And frustration can cause all kinds of fallout, or negative side effects, just like any other aversive.
So how do we know when our dogs are frustrated, and how do we fix it?
Frustration can look like a lot of things, and it can look different from different dogs. It might look like:
It’s important to note that these behaviours can be due to many different issues, and a qualified trainer can help you determine where the issue lies.
But if we know we have frustration, what do we do about it?
The biggest issue is clarity.
Frustration arises when we don’t know how to get what we need, or make what we want happen.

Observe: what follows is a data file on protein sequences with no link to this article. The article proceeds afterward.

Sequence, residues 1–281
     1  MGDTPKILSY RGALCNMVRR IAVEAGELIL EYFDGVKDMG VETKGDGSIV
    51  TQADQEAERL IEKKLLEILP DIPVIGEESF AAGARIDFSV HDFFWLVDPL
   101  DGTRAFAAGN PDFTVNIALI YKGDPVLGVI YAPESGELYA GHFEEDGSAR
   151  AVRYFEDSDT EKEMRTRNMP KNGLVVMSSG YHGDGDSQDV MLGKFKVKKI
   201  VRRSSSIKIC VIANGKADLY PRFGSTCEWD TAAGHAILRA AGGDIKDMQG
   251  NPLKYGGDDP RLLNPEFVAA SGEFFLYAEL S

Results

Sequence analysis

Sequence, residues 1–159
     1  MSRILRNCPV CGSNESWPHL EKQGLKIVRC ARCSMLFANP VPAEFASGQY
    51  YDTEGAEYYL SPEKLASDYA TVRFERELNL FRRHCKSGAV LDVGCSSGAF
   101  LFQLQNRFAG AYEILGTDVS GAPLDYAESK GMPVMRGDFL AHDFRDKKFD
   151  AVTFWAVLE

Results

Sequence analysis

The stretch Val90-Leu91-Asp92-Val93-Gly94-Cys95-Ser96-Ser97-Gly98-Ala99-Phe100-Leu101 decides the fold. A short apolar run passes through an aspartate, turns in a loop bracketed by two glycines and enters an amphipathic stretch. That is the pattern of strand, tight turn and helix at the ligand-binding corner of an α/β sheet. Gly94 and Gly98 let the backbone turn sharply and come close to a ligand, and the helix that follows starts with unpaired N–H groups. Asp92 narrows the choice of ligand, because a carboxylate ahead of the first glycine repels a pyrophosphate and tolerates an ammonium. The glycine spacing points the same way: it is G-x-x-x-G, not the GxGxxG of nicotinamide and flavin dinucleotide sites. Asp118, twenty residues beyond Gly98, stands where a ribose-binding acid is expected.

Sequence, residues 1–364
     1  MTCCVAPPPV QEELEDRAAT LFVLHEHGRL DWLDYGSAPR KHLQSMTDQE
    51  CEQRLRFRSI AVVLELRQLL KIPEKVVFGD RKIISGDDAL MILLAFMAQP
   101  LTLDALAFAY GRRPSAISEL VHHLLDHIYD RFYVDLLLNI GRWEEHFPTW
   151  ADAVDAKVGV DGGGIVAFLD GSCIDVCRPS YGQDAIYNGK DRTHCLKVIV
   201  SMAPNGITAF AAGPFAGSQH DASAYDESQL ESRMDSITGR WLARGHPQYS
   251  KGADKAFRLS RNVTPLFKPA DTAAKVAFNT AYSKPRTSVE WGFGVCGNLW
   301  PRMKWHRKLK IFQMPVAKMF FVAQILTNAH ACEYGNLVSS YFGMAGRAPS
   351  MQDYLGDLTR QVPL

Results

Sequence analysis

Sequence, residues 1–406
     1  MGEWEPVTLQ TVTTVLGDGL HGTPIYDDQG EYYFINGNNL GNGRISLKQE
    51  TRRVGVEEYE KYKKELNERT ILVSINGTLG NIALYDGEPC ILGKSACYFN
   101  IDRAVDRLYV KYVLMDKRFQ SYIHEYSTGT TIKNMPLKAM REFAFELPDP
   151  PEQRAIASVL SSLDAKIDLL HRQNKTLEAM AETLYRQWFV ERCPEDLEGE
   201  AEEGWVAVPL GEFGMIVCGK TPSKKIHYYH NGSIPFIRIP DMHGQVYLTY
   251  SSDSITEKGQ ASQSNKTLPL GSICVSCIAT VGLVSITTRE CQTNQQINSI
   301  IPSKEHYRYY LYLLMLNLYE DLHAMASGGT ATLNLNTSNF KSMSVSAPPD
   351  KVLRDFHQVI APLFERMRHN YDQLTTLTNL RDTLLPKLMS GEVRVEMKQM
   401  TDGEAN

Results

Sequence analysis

Things like driving behind an extra slow driver or assembling ikea furniture are things typically frustrating for humans, because they often don’t have a clear solution, or we don’t yet have the skills to solve the problem with ease.
We have to ensure the cue for the behaviour is clear and consistent, and that the way the dog is offered reinforcement is equally so.
The other question is are we teaching in small enough pieces that the dog can be successful? Is there a way to break a behaviour down further so it’s easier for them, and they’re more likely to get the right answer?
Once you know how your dog expresses frustration, you will want to act fast as soon as you see the signs. Frustration can be just as aversive as pain or fear, and can poison cues or even the whole training game.
But once we know what frustration looks like in our dogs, we can take action to increase clarity and make the game fun again.
Is your dog ball obsessed?